ECONOMY

In Brief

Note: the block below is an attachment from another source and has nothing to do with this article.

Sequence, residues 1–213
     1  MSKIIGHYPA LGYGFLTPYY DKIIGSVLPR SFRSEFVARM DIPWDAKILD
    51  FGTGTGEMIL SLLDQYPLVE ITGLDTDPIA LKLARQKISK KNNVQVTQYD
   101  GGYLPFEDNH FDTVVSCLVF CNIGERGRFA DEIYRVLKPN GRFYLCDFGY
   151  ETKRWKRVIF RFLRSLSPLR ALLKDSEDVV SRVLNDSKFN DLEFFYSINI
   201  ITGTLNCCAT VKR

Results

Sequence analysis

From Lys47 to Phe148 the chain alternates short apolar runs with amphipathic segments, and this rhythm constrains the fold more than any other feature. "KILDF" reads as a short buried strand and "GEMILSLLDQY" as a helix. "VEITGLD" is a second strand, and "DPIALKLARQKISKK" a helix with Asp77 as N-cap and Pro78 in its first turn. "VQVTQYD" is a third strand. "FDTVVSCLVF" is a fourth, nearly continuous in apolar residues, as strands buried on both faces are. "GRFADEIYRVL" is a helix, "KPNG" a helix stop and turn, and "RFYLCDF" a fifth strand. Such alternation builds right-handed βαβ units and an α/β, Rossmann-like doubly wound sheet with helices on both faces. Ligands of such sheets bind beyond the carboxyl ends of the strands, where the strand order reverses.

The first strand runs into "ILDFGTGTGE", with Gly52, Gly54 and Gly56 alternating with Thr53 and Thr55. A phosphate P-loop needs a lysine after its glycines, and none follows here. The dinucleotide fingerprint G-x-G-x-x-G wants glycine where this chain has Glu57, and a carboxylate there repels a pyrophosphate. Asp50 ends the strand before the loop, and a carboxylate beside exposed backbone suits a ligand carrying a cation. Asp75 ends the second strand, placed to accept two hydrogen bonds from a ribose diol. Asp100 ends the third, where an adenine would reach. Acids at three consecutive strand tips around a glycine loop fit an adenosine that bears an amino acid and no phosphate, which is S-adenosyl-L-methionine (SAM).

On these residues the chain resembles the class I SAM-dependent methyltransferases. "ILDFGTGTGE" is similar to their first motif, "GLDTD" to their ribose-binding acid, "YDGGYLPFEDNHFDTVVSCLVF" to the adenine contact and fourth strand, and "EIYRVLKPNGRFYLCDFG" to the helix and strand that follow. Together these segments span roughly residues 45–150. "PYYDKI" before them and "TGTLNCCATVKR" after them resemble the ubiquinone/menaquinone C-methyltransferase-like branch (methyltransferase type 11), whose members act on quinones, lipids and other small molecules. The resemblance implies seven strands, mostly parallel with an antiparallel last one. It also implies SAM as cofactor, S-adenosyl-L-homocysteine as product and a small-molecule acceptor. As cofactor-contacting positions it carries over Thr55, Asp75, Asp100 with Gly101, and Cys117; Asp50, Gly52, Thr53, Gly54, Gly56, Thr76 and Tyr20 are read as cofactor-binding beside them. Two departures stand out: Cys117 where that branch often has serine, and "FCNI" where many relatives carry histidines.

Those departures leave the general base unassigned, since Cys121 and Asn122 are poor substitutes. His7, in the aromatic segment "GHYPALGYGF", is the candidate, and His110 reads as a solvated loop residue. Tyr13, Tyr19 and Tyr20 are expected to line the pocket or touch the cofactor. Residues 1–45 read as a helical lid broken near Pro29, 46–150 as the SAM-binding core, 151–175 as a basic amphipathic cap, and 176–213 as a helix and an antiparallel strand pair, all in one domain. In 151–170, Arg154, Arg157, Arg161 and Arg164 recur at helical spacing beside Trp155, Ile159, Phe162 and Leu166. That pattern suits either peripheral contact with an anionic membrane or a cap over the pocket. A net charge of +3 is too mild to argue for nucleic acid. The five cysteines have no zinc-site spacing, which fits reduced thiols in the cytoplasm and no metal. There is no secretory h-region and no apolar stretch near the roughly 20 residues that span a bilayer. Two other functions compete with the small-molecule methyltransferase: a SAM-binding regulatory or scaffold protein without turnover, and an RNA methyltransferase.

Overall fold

Rise in non-euro deposits for Greek banks on Cyprus Greek banks operating in Cyprus increased their foreign-currency deposits by 18 percent in May over the previous month to 2.5 billion euros ($3.1 billion) as the debt crisis in Greece deepened. The jump in non-euro deposits at branches of Greek lenders on the eastern Mediterranean island was more than twice the 7.1 percent increase for the entire Cypriot banking system, which saw deposits rise to 18.8 billion euros from April, according to data from the Central Bank of Cyprus obtained by Bloomberg. Eurobank EFG Cyprus Ltd, a unit of Greece’s second-biggest lender, posted the biggest monthly increase with a gain of 44 percent to 814.3 million euros, while deposits at National Bank of Greece (Cyprus) Ltd rose 11 percent to 486.7 million euros. Deposits at Greek banks in Cyprus have been rising as Greece’s debt crisis fuels investor concern that the country will default or have to restructure its borrowing. (Bloomberg) Cypriot airline warns of H1 loss due to tough climate NICOSIA (Reuters) – Cyprus Airways yesterday warned it would post a first-half loss due to a tough economic climate, competition and the effects of the volcanic ash cloud, which disrupted global air travel in the spring. The airline, majority-controlled by the state, said an increase in fuel prices was also a factor. «Its financial results for the first six monthly period of 2010 are expected to be significantly more loss-making compared to those of the comparative period of 2009,» the airline said in a statement to the Cyprus Stock Exchange. The carrier said its poor performance so far this year was mainly due to the fallout from the global economic crisis and the intense competition in the industry, which has driven passenger numbers and fare yields down, significantly hampering its profits. Auditor expands RSM Stylianou, an auditing and accounting firm, plans to open a new office in Bulgaria as part of its expansion plans. The Athens-based company said in a statement yesterday that the new Bulgarian office will open in the immediate future, without providing further information. Recently, RSM Stylianou expanded into Nicosia, Cyprus, and Tirana, Albania, in a move that will help it to provide more benefits to its multinational clients, it added. Bosporus Strait Turkey said it has broad support from 20 oil companies for steps that would make use of the Bosporus Strait for oil traffic more expensive than pipelines. Turkey is proposing higher insurance fees, limits on tanker size and improved safety standards until alternative routes are ready in three or four years. There were «no objections» from participants, including Exxon Mobil Corp, Chevron Corp, OAO Rosneft and BP Plc at a meeting yesterday in Istanbul, Energy Minister Taner Yildiz said. Turkey is using the environment damage caused by BP’s Gulf of Mexico spill to press its case that oil traffic through the straits is unsafe and potentially dangerous. (Bloomberg) Spanish rating The cost of insuring Spanish government debt against default rose yesterday after ratings agency Moody’s placed the country’s Aaa rating on review for downgrade. Five-year credit default swaps on Spanish government debt rose to 270 basis points, up by 10 bps, according to Markit. This means it costs 270,000 euros to protect 10 million euros of exposure to Spanish bonds. Moody’s Investors Service said late on Wednesday that it may cut Spain’s triple-A local and foreign currency government bond ratings after a three-month review. Ratings agency Fitch cut Spain’s triple-A credit rating to AA-plus in late May. (Reuters) Inflation rises Cyprus’s consumer price inflation rose to 1.9 percent year-on-year in June, from a May reading of 1.6 percent, mainly due to an increase in the price of fuel, electricity bills and air fares. The island’s statistics service said yesterday that month on month, the CPI index increased by 0.20 percent to 112.89 points compared to 112.67 points in May. (Reuters)